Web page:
Peter, I know for a fact went into this book willing to hear and use that information, no mater how corny or boring or unhappy or unhip/unhollywood it might seem.  It's the most important perspective in the whole story in my humble opinion.  No one knows you beter than the people you peed in your pants around.  The team mates you had in Jr High and High School.  The boys you shared your first sex story with, or the girl who never knew you loved her.
They knew what made you, you better than your parents a mile.  My dream is complete, I saw and got to help a really good writer who loves the sound and feeling of the music first, and came to love the men involved over the years, in a distant, yet personal way to investigate for himself what was really going on, or more accurately what really went on, (AND THIS IS THE IMPORTANT PART) according to the perspective of as many of the people who were THERE as would talk to him.
I am going to assume, that what Peter put in the book was an amalgum of all those perspectives, allowing the predominant points of view to take precendents over any "wild shots in the dark" sort of disclaimers.  Not that I know of any.  I did not input my opinion EVER! 
Though it doesn't show in a quotation form, Peter went to the little farm community of Shedd, OR and interviewed Dennis' manager and co-writer Nik Jakobson.  Nik his Dennis out from Charlie Mason for months, and that information can be found in someone else's book (which title escapes me at the present moment).
Jan Berry's work with Brian was passed over....again.....another book for someone else to write.
Once again the refusal of the Rovell extended tribe goes un-represented.  I know Mar, she's great!  The emotional politics are incredible.  Many afraid to talk, many too angry to talk.  Many unwilling to talk, because it might aid a comfort an arch rival.
Obscurity be thy name.  'nough already                          ciao   
21  Smiley Smile Stuff / Ask The Honored Guests / Re: The Peter Ames Carlin Thread on: August 22, 2006, 10:55:12 PM
[quote author=MBE
I think the Mike interview is featured well in the last chapter and in the first chapter.
Cam, I think that's a good answer.
You should ask Peter.  He's available on line.  I think he probably has a profile here too.  Write him a private message and ask.

It is not a book about Mike Love.
I honestly believe you should consider gettng ahold of Mike and arranging to do his "in depth", "warts and all" biography. 
I am convinced that Mike's role in the BB's up to a certain point was invaluable.  His vocal work even after that "point" were great!  There will never be another sound like the BBs, vocally....not ever, and each singer played his role.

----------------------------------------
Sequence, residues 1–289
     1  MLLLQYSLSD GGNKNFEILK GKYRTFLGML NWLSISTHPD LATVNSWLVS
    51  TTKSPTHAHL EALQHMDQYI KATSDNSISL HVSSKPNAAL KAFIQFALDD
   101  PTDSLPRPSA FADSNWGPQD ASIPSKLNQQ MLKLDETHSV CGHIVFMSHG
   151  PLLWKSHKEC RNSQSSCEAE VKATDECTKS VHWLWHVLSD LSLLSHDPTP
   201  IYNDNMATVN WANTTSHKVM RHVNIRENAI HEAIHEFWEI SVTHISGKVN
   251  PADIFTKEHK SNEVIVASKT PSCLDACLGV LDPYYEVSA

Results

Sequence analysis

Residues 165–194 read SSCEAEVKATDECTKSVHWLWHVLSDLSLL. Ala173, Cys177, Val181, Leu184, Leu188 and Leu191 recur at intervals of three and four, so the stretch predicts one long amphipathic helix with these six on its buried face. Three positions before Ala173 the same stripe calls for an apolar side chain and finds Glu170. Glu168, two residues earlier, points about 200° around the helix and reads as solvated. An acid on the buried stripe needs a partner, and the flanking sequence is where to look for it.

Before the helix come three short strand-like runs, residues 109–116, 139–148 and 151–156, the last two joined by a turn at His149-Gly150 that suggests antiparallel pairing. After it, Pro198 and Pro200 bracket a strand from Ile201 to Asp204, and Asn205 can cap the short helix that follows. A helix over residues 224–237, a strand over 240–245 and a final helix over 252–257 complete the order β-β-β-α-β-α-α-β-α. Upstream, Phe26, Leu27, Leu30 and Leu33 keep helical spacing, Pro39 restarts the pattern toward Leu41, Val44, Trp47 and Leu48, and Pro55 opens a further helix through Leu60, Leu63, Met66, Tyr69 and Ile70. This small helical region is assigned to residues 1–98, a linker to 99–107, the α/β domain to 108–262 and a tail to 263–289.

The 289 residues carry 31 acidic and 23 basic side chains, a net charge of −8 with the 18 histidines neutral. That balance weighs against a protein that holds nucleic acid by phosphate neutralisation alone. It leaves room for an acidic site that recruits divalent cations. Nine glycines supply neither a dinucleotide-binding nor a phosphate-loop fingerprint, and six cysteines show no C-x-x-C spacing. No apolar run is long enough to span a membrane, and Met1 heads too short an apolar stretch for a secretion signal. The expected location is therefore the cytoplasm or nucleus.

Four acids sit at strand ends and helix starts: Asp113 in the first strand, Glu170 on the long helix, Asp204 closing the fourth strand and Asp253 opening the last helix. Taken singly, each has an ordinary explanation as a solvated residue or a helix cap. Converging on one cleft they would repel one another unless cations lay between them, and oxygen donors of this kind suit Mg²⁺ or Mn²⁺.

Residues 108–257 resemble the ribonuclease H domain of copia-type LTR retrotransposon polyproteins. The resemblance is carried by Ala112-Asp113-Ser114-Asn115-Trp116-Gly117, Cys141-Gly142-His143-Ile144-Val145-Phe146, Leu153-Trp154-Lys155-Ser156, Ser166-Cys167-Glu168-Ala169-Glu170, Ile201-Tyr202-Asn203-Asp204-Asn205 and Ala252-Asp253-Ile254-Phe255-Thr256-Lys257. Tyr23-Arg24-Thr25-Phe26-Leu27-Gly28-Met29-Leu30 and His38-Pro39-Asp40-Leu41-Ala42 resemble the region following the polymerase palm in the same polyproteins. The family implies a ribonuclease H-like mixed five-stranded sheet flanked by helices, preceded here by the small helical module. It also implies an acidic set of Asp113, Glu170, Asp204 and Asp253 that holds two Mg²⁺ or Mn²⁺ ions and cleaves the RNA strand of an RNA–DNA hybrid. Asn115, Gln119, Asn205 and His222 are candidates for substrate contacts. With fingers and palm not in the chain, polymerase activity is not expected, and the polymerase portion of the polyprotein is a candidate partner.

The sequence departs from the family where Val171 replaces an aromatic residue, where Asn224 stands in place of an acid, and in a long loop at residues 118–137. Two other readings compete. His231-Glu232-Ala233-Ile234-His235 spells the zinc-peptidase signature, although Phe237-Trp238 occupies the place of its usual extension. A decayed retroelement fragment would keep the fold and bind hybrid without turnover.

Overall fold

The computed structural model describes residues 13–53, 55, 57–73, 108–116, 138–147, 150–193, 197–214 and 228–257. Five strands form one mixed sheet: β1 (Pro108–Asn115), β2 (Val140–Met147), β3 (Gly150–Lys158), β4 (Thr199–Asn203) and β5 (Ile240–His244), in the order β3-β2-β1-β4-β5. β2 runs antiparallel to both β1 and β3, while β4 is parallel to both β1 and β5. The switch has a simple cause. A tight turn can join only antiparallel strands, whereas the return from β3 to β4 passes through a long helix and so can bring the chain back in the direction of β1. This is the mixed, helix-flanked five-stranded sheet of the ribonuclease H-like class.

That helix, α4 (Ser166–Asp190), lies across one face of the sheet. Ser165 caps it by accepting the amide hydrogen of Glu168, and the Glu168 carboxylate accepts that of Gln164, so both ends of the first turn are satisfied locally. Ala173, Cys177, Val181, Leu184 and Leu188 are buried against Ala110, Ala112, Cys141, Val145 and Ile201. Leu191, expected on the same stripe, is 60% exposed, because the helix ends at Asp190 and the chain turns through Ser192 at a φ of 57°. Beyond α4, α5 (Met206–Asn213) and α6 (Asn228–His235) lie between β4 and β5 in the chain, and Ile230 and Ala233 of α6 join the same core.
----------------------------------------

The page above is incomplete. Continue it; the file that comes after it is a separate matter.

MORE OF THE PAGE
I think Peter's presentation was even handed and fair. 
I will not go into speculation as to why Mike's point of view was not represented enough to satisfy you.
I will simply remind you once again that this book was not about Mike Love.
Never once did Peter say to me, prior to the contract, "I think I'd like to write a book about Mike Love and his amazing contribution to American Music through his group the Beach Boys, and I know he didn't say that to a publisher either.
Write you book mr. Mott, tell Mike's true story....please!
22  Smiley Smile Stuff / General On Topic Discussions / Re: NEWS FLASH - JOSH HOISINGTON/AEIJTZCHE ATTACKED!!! on: August 22, 2006, 11:53:02 AM
glad you're "feeling much better now"!
Peritonitis (sp?) is no day at the beach. :-) 
23  Smiley Smile Stuff / Ask The Honored Guests / Re: The Peter Ames Carlin Thread on: August 22, 2006, 11:35:33 AM
Peter doesn't need me to speak for him. And Peter I apologize.
Peter flew to Tahoe and spent at least 1 full day with Mike.  He had numerous phone conversations with Mike, Al, & Bruce.  I know he spent days with both Al and Bruce in person.
If there was information that was pertinent to the book that those gentleman had to share or chose to share Peter would have included it.
I think the trouble Peter went to to lay a sympathetic history of the Love family, by speaking at great lenth in person with Stanley, and Maureen was an indication of his "good faith".
We all know what you're getting at dear misguided Mott. 
I do not insist that you accept what others believe or know to be so.  I only ask that you not clutter us with your same old unfounded, unresearched personally one on one,  and pesonally speculative "point of view".
Sometimes a cigar is really a cigar and the truth is what everyone else believes.
24  Smiley Smile Stuff / General On Topic Discussions / Re: \ on: August 14, 2006, 07:50:07 PM
NO, you're not alone.  Brian loved those "shuffle" bass lines.  Good Vibrations is one, as is Rick Henn/Brian Wilson penned song.  On Here Today Brian takes the idea into the "surf genre" and uses a Dano Electric to "rumble" the (nearly) bass line in certain points.
Signature stuff fer sure, and probably why Love You is nearly an early album, except for the vocals.
25  Smiley Smile Stuff / General On Topic Discussions / Re: \ on: August 14, 2006, 04:58:38 PM
you're right it's brian.  i assumed, even knowing better, that i remembered it being Al.  I listened again to recall the chatter, so I could post it properly.  You got it perfect.  Definitely Brian.
In my own defense, during that Sunflower period Al was singing so much of "Brian sounding vocals, Alan acctually had to call Al to verify when it was him and when it was actually Brian on released and unreleased material.
No matter what anyone says, Al has chops vocally! 
Pages: [1] 2
Powered by SMF 1.1.21 | SMF © 2015, Simple Machines Page created in 4.116 seconds with 22 queries.
Helios Multi design by Bloc
Powered by MySQL Powered by PHP Valid XHTML 1.0! Valid CSS!